Assessment Education Perspectives

Empowering Students with Formative Assessment

Empowering Students with Formative Assessment

Earlier this year, Andrew Miller continued his praise of formative assessment in an Edutopia post – Formative Assessment is Transformational. He discussed grading transformation, where “formative assessment leads to more equitable and fair grading practices.” He touched on teaching transformation, where “working smarter, not harder” is one of the natural outcomes from implementing formative assessment. And he also highlighted student learning transformation, where student learning becomes transparent to the student, and they are aware of where they are along the path to learning. What really hit home to me in his post was the final section on a “classroom of empowerment.”

As Andrew writes:

Students are empowered to take ownership of the learning process. They know where they are and can set goals for next steps. They are given the power to “fail forward” and know that it’s never too late to learn. Teachers are also empowered to make the right decisions in meeting the needs of their students.

Part of taking ownership of their learning process involves student self-assessment and peer-assessment. Research has shown that engaging students in self- and peer-assessment significantly improves student learning. Additionally, when students are provided with assessment (and success) criteria, their performance improves.

Fontana and Fernandes focused on self-assessment and found that students who used self-assessment strategies over a period of eight months improved at a faster rate than comparable students taught by conventional methods. (Fontana, D., & Fernandes, M. (1994). Improvements in the mathematics performance as a consequence of self-assessment in Portuguese primary school pupils. British Journal of Educational Psychology.)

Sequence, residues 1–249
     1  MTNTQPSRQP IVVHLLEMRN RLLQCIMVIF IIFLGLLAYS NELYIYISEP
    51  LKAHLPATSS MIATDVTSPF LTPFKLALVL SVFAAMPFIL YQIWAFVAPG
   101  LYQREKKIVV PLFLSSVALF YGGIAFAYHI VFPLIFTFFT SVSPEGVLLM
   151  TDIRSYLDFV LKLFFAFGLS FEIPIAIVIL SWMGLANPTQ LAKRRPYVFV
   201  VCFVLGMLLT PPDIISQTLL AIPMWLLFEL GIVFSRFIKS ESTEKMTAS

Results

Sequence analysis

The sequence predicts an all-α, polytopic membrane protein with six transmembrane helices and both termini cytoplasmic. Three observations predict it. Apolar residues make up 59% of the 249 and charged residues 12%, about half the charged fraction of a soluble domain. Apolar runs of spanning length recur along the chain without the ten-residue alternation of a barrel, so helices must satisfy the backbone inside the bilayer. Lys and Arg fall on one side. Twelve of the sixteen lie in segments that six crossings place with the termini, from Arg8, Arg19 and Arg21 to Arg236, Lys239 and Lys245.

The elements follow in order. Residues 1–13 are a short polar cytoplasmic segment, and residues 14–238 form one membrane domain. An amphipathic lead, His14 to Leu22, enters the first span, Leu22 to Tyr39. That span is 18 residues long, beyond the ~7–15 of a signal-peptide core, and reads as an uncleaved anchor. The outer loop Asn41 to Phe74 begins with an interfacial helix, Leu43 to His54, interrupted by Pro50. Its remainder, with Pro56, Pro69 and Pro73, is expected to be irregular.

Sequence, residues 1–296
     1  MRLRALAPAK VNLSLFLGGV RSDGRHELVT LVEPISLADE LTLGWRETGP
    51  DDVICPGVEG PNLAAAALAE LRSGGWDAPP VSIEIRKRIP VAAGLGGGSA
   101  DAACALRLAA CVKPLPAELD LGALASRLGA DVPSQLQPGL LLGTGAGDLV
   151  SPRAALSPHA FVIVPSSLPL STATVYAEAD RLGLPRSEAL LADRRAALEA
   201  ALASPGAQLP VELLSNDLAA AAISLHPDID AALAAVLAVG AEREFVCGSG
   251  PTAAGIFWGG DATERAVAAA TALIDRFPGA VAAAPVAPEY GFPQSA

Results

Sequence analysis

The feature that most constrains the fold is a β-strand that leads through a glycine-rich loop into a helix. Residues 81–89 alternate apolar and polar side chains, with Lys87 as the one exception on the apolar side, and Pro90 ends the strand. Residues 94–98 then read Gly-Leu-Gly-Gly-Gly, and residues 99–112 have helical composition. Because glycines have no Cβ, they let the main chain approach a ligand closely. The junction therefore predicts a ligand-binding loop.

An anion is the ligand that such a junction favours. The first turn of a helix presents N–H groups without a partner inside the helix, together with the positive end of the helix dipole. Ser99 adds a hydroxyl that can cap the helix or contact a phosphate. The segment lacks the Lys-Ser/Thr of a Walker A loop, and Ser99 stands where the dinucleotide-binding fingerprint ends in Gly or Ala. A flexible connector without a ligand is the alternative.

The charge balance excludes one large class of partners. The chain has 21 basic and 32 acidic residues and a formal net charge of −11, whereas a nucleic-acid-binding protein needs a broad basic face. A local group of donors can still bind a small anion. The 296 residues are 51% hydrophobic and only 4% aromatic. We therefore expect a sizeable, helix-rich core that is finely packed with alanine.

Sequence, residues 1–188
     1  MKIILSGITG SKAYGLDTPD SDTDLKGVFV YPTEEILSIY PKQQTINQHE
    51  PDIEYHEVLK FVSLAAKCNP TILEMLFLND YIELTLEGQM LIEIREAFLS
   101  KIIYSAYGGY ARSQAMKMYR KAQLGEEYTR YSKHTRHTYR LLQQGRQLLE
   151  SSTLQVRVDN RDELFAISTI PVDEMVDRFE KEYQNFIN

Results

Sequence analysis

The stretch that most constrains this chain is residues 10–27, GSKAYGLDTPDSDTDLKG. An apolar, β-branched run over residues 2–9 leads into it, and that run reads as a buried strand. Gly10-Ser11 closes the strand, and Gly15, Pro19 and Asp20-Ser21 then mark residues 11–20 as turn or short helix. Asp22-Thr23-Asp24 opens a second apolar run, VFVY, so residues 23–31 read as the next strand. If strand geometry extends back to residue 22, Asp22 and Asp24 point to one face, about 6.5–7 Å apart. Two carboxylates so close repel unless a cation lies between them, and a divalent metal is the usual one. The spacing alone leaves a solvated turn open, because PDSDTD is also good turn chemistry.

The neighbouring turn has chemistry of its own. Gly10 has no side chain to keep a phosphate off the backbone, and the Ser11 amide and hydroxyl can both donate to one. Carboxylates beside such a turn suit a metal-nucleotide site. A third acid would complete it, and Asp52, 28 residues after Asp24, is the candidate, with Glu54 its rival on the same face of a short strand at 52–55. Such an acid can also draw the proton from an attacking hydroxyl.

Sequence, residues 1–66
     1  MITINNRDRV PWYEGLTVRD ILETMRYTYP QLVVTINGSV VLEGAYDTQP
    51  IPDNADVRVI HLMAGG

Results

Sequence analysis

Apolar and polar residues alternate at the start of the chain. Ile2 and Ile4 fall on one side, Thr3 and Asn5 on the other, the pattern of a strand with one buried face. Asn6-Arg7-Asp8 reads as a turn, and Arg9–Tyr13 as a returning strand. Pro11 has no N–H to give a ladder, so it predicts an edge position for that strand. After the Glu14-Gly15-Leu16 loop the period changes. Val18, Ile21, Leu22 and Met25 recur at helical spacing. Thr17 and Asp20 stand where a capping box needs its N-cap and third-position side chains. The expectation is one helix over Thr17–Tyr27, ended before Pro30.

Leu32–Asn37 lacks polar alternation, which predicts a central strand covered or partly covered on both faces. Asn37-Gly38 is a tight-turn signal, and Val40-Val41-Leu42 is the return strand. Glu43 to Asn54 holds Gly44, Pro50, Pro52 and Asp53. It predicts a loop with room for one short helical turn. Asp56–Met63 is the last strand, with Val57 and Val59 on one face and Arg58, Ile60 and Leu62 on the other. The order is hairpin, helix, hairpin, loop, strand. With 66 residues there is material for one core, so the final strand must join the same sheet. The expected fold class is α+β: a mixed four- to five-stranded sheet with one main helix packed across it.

In another study, primary school students who were given concrete structures and explicit guidance for peer-assessment, specifically in communicating, working, and thinking with others, had significantly higher achievement and reasoning scores (Mercer, N., Dawes, L., Wegerif, R., & Sams, C. (2004). Reasoning as a scientist: Ways of helping children to use language to learn science. British Educational Research Journal.).

In general, students in today’s classrooms are not given enough responsibility for their own learning. Often classrooms are organized around a lecture, and information is presented with little student involvement. To be successful, teachers need to find ways to not only share success criteria and to model quality work for their students, but also to help them take responsibility for moving toward those success criteria. Formative assessment is the perfect vehicle for instilling this classroom empowerment, and, as Andrew drives home in his post, is transformational.

To learn more about how to incorporate formative assessment in your classroom, check this post. Trying on formative assessment in your classroom – keep it simple. Have you given formative assessment a try yet? Tell us about it on Facebook or Twitter.


Kathy Dyer